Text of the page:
October 8, 2019
Sometimes bigotry is blatant. Sometimes it is subtle. And sometimes it is the inevitable result of the system within which we operate. Recently I experienced this for myself when going through London’s Heathrow airport – but I am deeply grateful for what I learned. It gave me yet another opportunity to understand how racism operates. And perhaps, just perhaps, it will give certain authorities in the UK a chance to address entrenched bias – if only in a small way.
As part of my work, I travel a great deal. I have been stopped and pulled aside on quite a few occasions by different authorities. I am of mixed race and I have a beard – that is usually enough for certain types of racial profiling. If the authorities have a chance to look at my British passport, it does not take them long to realise that I am indeed of mixed race and half Arab in ancestry. That clearly raises other red flags for them – even when they are loathe to admit it.
I have been stopped in countries within the wider Arab world region and in the West, but let me be clear: I am not one of those who suffers at airports or is usually treated badly, as many people are. I benefit immensely from enormous privileges in life. But I do sometimes get stopped – and it is usually when I am not in the UK. Hence when I did get stopped in Heathrow, I decided to take it very seriously indeed.
The officer was fair-skinned and as I looked around in the security stop area, I saw that no one who had been stopped was white. They were all people of colour. As the officer stopped me, I simply said: “What a surprise.” That obviously riled him, because he insisted on knowing what I meant by that. So I told him: “I hardly find it surprising that you stop a man with a beard who looks non-white.”
The officer became rude and more aggressive, claiming that I had a chip on my shoulder. When I calmly responded that I did not and researched counter-terrorism for a living, he became more agitated. He said it was “very troubling” that I researched or taught this subject. As I responded to him with the word “mate”, he became very annoyed, responding: “It’s not mate, it’s officer”. I replied: “Okay, officer. It’s Dr Hellyer, by the way.”
I am not sure if that is what caused a change in his attitude. Or if it was looking at my passport. Or if the penny dropped that as a senior associate fellow at a London think tank, I work in Whitehall, next door to the Ministry of Defence. Or perhaps he realised he had been out of line and remembered that he was actually in the service of the public, rather than citizens such as myself being in his service. I have no idea. But he definitely changed his attitude and became more polite as he searched my bags.
The officer then tried to explain why he was so aggressive to begin with, saying that I had accused him of being racist, which he took offence to. And seeing as he had relaxed his attitude a bit, I decided to respond in kind.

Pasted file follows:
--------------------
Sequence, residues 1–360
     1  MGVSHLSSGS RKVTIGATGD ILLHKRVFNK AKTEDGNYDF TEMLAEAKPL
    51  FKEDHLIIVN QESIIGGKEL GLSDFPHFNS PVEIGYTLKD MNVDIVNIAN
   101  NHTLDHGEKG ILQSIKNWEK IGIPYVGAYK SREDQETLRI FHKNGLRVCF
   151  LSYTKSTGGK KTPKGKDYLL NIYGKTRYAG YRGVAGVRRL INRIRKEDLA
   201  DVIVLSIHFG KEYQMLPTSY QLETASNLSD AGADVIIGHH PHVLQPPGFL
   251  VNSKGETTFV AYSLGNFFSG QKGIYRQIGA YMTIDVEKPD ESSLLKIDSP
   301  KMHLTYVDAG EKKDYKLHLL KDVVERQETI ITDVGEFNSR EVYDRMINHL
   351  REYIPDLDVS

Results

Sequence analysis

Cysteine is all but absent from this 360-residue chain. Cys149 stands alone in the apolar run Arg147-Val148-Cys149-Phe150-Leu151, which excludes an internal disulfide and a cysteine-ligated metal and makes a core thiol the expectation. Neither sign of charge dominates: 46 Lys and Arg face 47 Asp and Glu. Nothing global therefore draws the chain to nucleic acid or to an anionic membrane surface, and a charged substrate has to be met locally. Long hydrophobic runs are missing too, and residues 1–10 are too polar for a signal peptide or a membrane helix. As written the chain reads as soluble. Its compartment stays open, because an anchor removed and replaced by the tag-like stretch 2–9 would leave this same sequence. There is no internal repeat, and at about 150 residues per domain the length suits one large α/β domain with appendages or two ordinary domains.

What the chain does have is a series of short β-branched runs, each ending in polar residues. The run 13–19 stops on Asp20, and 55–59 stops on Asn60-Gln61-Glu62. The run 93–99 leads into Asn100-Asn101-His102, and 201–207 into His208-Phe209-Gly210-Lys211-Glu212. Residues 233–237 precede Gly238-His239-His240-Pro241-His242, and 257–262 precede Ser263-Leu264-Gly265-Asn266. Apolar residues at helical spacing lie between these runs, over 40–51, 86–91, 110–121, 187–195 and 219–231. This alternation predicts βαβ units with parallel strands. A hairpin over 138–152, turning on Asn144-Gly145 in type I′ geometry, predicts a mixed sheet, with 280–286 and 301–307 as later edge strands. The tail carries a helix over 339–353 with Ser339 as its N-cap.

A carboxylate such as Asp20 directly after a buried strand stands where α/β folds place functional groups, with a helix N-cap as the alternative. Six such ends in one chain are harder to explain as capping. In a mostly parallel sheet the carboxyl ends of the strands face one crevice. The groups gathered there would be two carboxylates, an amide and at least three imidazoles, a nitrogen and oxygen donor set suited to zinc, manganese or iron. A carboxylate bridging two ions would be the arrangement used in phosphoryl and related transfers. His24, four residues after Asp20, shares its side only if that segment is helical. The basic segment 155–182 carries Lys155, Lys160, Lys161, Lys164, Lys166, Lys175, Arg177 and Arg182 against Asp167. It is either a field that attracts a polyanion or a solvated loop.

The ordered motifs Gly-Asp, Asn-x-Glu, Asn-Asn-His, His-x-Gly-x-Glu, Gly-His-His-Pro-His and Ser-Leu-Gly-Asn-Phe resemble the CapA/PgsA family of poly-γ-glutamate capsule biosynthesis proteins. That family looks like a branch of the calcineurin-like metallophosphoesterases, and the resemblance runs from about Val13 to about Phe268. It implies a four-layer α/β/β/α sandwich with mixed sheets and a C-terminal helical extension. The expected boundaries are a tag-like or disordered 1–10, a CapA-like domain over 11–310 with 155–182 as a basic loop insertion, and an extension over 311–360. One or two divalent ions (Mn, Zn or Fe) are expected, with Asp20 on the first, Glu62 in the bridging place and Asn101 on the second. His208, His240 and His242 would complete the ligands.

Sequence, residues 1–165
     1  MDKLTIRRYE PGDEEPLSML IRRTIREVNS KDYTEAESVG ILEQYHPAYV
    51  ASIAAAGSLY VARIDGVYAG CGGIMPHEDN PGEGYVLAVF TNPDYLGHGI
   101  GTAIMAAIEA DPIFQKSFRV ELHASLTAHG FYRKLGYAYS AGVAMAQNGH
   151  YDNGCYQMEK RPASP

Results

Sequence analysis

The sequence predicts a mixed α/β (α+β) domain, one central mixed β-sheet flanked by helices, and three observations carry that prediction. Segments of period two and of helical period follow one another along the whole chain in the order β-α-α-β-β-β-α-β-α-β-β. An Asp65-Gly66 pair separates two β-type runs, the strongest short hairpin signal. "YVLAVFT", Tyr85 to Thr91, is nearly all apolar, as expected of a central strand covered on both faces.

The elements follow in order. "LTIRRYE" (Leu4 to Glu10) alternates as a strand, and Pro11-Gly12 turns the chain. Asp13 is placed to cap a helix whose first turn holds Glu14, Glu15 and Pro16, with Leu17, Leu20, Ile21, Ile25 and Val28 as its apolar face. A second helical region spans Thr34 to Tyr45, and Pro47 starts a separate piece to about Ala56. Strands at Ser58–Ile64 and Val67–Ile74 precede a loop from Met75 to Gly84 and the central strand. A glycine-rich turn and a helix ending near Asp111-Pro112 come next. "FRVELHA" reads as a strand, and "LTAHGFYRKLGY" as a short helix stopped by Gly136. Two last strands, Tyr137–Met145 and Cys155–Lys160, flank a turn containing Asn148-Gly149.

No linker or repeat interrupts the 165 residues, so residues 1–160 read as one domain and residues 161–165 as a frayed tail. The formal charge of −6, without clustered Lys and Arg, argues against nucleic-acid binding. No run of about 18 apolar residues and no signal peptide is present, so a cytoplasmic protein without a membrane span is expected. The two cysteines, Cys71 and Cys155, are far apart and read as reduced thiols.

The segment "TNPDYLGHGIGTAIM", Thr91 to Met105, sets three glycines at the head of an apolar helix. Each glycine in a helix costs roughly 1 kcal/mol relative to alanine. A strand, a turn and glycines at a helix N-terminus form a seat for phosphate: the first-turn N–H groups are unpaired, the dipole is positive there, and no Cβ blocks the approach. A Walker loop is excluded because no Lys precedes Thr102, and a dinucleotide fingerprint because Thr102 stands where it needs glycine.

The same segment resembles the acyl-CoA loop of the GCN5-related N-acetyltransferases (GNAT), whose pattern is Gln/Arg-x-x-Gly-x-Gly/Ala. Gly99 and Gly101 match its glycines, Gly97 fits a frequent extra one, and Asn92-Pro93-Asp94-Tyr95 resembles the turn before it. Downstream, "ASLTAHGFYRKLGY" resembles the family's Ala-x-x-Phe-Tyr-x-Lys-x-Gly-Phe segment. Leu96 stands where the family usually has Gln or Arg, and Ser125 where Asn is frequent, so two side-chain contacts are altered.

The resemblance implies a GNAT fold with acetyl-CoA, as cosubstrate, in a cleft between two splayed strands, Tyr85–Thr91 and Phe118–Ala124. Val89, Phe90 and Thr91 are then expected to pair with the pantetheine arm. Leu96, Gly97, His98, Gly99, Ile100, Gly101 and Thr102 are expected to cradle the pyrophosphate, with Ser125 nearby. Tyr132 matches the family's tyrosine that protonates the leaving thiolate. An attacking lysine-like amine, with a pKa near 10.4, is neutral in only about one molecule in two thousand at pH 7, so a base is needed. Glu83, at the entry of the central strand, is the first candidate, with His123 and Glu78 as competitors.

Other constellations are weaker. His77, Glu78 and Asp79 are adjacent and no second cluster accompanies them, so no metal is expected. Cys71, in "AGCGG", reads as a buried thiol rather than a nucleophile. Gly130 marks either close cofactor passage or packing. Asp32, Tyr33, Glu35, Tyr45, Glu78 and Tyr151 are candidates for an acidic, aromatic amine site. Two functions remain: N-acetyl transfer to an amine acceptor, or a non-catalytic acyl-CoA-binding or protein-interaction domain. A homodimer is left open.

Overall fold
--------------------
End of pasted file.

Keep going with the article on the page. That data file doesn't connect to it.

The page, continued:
“I’m not calling you racist personally,” I said. “But let’s imagine, just for argument’s sake. I am not looking at you. I am looking at the system you operate within. And you have been polite, so let me say this: can you possibly entertain the possibility that there is some unconscious bias that led you to stop me, as opposed to someone you identified as white? Look around. No one else who has been stopped is white.”
I have no idea why the officer decided to change his attitude. But I do know that he did. Was it class-related? Perhaps. In 1941, the author George Orwell wrote that Britain was “the most class-ridden society under the sun”.
A friend of mine put it well when he said: “Implicit bias is something we need to examine and discuss openly if we are going to make any progress at all in just about any field – racial or otherwise.”
It is delicate – and people are quick to assume you are calling them racist by forcing them to confront the uncomfortable reality of their own biases. If they cannot admit that they have biases informed by race – even if they are not racist – they are not part of the solution.
In the aftermath of this, Heathrow airport contacted me – if only to say that responsibility for the incident lay with Border Force, an agency that comes under the UK’s Home Office. On its part, Border Force got in touch with me not long afterwards, saying that they were investigating and would get back to me within 20 days. They assured me that my complaint was being taken seriously and that a full response would be sent to me once the investigation was complete. All of this was after I had tweeted about the experience in a thread that went viral.
There were some who argued I should simply accept an apology and leave it at that. But such behaviour is not about me personally, nor that officer specifically. It is about a system that exists and the scores of nameless people who are subjected to abuse because of it. Where we do have privilege, we ought to use it for the purpose of holding power to account, because we can. Others do not have that choice. And unless we take the opportunity to do so, others will continue to be abused. I hope that Border Force and others realise the importance of addressing that.
Dr HA Hellyer is a senior associate fellow at the Royal United Services Institute and the Carnegie Endowment for International Peace
Source: The National